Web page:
One persistent tenet of poor science communication is the use of the word “baffled.” Especially in the UK, where scientists are often called “boffins.” Boffins baffled by new discovery just sounds too good not to put in a headline, amiright? But it really grinds scientists’ gears to see such a statement, because the field is rarely actually baffled. Science isn’t some set body of facts that can never be contradicted without total puzzlement; it’s a method of inquiry by which we steadily accrue small increases in understanding. Findings are often controversial if they suggest a major paradigm shift might be around the bend; they’re often at least mildly surprising, because there’s a lot of stuff we don’t know yet. But hold onto your butts, because this one is actually baffling—in the best possible sense.
In a study published recently in Nature, astronomers describe the strange and unprecedented case of a star that just wouldn’t die.
It looks like a supernova—the explosive death of a star—and quacks like a supernova. But, uh, it just kept quacking and quacking and quacking. And scientists aren’t sure why.
“When I saw the proofs of the paper it kind of blew my mind,” study author Nick Konidaris of the Carnegie Institution for Science told Gizmodo. Every parent thinks their child is astounding, so it’s not unusual to hear researchers talk this way about studies they’ve authored. But other experts agree.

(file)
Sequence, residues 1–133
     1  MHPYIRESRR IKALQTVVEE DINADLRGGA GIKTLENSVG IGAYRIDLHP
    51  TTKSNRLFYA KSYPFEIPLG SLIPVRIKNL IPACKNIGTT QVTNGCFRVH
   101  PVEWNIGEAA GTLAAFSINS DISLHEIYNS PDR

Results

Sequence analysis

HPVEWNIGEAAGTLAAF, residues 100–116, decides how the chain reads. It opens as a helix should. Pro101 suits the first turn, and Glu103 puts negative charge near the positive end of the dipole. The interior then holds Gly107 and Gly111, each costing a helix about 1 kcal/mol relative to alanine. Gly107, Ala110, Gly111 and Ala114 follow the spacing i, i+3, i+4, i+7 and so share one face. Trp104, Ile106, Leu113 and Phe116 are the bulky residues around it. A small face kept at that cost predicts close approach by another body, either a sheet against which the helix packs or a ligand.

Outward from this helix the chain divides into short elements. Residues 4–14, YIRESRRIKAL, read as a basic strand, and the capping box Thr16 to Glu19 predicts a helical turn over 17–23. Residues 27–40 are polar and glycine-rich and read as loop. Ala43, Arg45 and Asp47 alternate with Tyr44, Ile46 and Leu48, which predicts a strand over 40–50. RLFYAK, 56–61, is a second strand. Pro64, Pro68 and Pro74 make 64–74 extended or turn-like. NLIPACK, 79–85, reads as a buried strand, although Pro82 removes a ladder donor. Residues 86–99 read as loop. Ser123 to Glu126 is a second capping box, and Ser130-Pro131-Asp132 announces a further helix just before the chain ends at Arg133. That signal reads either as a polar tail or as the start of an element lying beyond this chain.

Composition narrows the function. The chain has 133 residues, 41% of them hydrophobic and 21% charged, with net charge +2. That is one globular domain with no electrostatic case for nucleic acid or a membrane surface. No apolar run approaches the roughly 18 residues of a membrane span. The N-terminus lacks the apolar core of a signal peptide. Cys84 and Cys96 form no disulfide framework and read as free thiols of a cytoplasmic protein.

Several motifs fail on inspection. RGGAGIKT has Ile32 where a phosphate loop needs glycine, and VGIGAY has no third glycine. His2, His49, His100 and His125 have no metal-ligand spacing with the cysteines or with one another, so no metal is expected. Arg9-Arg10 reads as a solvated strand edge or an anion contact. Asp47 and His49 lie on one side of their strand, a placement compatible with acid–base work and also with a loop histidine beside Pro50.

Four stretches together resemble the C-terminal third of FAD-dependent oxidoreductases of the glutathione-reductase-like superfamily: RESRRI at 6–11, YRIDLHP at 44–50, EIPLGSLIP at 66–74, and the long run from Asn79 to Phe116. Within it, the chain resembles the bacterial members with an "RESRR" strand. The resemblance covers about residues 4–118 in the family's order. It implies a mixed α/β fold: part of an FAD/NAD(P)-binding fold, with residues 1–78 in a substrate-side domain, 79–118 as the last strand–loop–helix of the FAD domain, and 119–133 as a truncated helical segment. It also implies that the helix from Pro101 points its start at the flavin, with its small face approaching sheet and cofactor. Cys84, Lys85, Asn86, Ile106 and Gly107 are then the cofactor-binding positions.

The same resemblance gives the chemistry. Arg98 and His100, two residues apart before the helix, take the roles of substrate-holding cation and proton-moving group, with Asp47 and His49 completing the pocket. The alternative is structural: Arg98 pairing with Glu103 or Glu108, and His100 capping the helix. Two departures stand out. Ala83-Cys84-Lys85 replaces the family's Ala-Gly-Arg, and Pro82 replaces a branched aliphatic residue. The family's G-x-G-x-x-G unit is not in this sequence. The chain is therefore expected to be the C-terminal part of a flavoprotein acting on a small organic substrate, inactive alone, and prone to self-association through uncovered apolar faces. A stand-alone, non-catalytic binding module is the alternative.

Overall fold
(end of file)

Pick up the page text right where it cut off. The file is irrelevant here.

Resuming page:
“I’m not sure, and I don’t think anyone else is sure, just what the hell is happening,” astrophysicist Stanford Woosley, at University of California, Santa Cruz—who wasn’t involved in the study—told Space.com. “And yet it happened, and so it begs explanation.”
What’s a supernova supposed to look like?
“Every supernova so far observed has been considered to be the terminal explosion of a star,” the authors note in the opening line of their study. The explosion part is still definitely true, but these new findings bring the “terminal” bit under new scrutiny. But before we explain what’s so whack-a-doodle about this particular cosmic explosion, here’s a refresher on more run-of-the-mill supernovae:
All the usual signs point to the object iPTF14hls (really rolls off the tongue, doesn’t it?) being a type II supernova. These come about when massive stars give up the ghost. The nuclear fusion that powers them runs out of fuel, and the heavier elements that start to fill their cores just sit there—a star can’t get energy by fusing things heavier than iron. Finally the core collapses in on itself, which eventually causes the star’s outer layer to burst away in a big, bright explosion. Those outer gases head out into space—sometimes even forming heavy elements like gold, thanks to the incredible energy of the explosion itself—where they sow the seeds of future stars and planets. The pesky core stays behind to turn into a neutron star or a black hole, depending on its mass.
This explosion happens quickly—within a matter of seconds, as most explosions do—and the light left behind dims within a few months.
What’s so weird about this one?